Steps to take when debt collection becomes harassment

Debt repayment delays are normal and sometimes, creditors may take initiative and remind you to pay from time to time. However, there’s a threshold beyond which a debt collection call can become harassment.

Understanding how debt collection harassment happens is crucial so that you can recognize the signs and take appropriate steps to protect yourself. These signs include:

  • Excessive calls, emails or letters.
  • Threats or abusive language.
  • Contacting you at unreasonable hours.
  • Contacting your family, friends or employer.
  • Misrepresenting the debt amount or legal authority.
  • Ignoring your requests to stop communication.
  • Attempting to collect a debt that isn’t yours.
  • Failing to provide written notice of your rights.
  • Illegal confiscation of property.

You can sue for debt collection harassment if the creditor or collection agency violates the Fair Debt Collection Practices Act (FDCPA) or other consumer protection laws. This can result in compensation for damages, including emotional distress as well as potential legal fees.

What to do when harassed by debt collectors

If you identify signs of debt collection harassment, you can take the following steps to protect yourself:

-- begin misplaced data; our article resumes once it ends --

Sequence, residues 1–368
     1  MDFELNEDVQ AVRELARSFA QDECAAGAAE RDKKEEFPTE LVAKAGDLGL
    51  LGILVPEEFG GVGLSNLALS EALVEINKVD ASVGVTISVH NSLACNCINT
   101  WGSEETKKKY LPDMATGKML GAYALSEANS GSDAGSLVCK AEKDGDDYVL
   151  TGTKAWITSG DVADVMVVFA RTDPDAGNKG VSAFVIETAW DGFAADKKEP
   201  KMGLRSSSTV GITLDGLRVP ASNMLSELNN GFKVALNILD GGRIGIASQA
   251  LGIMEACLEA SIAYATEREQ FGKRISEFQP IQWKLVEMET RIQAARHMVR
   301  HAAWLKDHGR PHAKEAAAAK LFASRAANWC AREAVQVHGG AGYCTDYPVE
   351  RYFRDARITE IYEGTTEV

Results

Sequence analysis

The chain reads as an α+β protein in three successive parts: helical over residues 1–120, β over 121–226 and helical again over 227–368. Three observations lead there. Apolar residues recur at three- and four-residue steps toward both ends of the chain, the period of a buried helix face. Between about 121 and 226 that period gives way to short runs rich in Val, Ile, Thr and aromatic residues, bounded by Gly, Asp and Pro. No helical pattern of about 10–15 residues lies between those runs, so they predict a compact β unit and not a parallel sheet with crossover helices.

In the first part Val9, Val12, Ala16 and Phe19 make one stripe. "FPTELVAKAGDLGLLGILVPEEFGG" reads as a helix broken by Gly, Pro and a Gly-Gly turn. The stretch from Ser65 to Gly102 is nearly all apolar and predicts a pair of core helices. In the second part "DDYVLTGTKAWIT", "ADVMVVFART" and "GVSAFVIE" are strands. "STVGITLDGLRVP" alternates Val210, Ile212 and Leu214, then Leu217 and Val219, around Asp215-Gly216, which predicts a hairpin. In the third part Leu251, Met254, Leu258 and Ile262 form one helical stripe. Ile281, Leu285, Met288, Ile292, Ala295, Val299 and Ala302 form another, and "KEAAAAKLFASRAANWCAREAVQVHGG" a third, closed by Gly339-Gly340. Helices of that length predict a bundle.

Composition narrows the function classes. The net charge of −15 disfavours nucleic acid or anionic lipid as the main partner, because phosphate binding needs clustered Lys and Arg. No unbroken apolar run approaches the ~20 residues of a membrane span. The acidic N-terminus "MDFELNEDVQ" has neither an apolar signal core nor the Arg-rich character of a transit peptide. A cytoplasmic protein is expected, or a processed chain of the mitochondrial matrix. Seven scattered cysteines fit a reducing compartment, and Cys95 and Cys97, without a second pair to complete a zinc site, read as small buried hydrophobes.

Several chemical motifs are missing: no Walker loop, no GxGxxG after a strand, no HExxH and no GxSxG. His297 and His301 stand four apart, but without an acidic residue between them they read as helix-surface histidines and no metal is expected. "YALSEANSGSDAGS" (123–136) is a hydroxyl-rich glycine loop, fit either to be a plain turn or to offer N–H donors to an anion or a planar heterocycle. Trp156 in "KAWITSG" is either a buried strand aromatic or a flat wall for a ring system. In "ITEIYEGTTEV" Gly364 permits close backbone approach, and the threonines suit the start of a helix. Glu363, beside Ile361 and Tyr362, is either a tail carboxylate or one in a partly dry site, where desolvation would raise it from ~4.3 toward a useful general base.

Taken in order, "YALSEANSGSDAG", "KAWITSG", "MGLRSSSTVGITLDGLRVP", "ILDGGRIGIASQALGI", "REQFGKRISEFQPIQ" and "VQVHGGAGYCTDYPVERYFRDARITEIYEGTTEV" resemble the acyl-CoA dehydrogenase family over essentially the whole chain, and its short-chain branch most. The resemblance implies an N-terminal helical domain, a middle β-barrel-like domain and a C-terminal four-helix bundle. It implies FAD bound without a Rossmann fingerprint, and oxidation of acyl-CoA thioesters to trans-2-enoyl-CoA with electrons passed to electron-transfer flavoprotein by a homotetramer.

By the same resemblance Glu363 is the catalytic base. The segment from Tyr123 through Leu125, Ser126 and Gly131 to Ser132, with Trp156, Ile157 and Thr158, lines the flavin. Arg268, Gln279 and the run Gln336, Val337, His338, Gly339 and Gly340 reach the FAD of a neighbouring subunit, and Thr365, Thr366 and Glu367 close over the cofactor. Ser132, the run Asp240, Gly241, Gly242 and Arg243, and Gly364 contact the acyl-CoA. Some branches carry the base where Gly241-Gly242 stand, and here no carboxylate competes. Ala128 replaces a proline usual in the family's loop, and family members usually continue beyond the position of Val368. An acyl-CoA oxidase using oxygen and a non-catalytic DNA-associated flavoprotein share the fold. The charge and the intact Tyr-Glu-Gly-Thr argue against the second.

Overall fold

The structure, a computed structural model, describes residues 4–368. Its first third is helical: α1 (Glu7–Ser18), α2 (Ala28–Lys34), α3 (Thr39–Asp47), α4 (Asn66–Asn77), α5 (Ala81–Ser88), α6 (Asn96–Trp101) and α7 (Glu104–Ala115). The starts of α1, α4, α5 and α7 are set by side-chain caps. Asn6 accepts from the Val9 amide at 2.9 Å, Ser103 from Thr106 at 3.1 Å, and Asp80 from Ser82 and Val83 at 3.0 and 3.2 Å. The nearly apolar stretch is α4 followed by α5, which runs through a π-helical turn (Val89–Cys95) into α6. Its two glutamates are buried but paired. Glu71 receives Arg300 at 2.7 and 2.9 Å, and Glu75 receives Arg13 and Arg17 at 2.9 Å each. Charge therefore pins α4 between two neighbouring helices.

• Document all instances of harassment, including dates, times and details of communication.
  • Send a certified letter to the creditor or collection agency requesting that they cease all communication with you.
  • Dispute the debt in writing if you believe it is inaccurate or not yours.
  • Familiarize yourself with your rights under the FDCPA and other relevant laws.
  • Consider filing a complaint with the Consumer Financial Protection Bureau (CFPB) or the Minnesota attorney general office.
  • If necessary, pursue legal action against the debt collector for violations of consumer protection laws.
  • Seek support from consumer advocacy organizations or credit counseling services for guidance and assistance.

It is important to consider seeking legal guidance to better understand your rights and options for addressing debt collection harassment, as well as to help ensure that any actions you take are in accordance with the law and tailored to your specific situation.

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